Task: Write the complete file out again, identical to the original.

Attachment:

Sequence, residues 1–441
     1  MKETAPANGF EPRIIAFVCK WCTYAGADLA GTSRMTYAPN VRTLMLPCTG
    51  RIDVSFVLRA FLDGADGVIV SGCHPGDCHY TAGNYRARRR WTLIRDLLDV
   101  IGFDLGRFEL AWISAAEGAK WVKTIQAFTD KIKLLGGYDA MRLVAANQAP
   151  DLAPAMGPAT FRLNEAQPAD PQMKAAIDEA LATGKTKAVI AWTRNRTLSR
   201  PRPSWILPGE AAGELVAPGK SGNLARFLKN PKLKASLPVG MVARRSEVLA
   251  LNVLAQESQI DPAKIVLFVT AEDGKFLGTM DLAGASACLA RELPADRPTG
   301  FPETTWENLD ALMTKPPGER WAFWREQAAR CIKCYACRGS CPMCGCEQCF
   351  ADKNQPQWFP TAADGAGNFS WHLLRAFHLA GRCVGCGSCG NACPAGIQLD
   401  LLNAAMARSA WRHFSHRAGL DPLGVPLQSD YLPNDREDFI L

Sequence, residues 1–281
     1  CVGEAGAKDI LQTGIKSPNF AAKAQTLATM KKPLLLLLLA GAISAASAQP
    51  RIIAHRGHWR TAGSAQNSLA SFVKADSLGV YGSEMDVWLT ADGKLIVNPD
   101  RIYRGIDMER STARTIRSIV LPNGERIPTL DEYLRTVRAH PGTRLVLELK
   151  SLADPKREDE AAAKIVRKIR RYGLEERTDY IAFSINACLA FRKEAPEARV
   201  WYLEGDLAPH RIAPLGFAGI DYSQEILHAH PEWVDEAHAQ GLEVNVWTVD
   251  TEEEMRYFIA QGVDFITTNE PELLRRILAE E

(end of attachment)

Sequence, residues 1–441
     1  MKETAPANGF EPRIIAFVCK WCTYAGADLA GTSRMTYAPN VRTLMLPCTG
    51  RIDVSFVLRA FLDGADGVIV SGCHPGDCHY TAGNYRARRR WTLIRDLLDV
   101  IGFDLGRFEL AWISAAEGAK WVKTIQAFTD KIKLLGGYDA MRLVAANQAP
   151  DLAPAMGPAT FRLNEAQPAD PQMKAAIDEA LATGKTKAVI AWTRNRTLSR
   201  PRPSWILPGE AAGELVAPGK SGNLARFLKN PKLKASLPVG MVARRSEVLA
   251  LNVLAQESQI DPAKIVLFVT AEDGKFLGTM DLAGASACLA RELPADRPTG
   301  FPETTWENLD ALMTKPPGER WAFWREQAAR CIKCYACRGS CPMCGCEQCF
   351  ADKNQPQWFP TAADGAGNFS WHLLRAFHLA GRCVGCGSCG NACPAGIQLD
   401  LLNAAMARSA WRHFSHRAGL DPLGVPLQSD YLPNDREDFI L

Sequence, residues 1–281
     1  CVGEAGAKDI LQTGIKSPNF AAKAQTLATM KKPLLLLLLA GAISAASAQP
    51  RIIAHRGHWR TAGSAQNSLA SFVKADSLGV YGSEMDVWLT ADGKLIVNPD
   101  RIYRGIDMER STARTIRSIV LPNGERIPTL DEYLRTVRAH PGTRLVLELK
   151  SLADPKREDE AAAKIVRKIR RYGLEERTDY IAFSINACLA FRKEAPEARV
   201  WYLEGDLAPH RIAPLGFAGI DYSQEILHAH PEWVDEAHAQ GLEVNVWTVD
   251  TEEEMRYFIA QGVDFITTNE PELLRRILAE E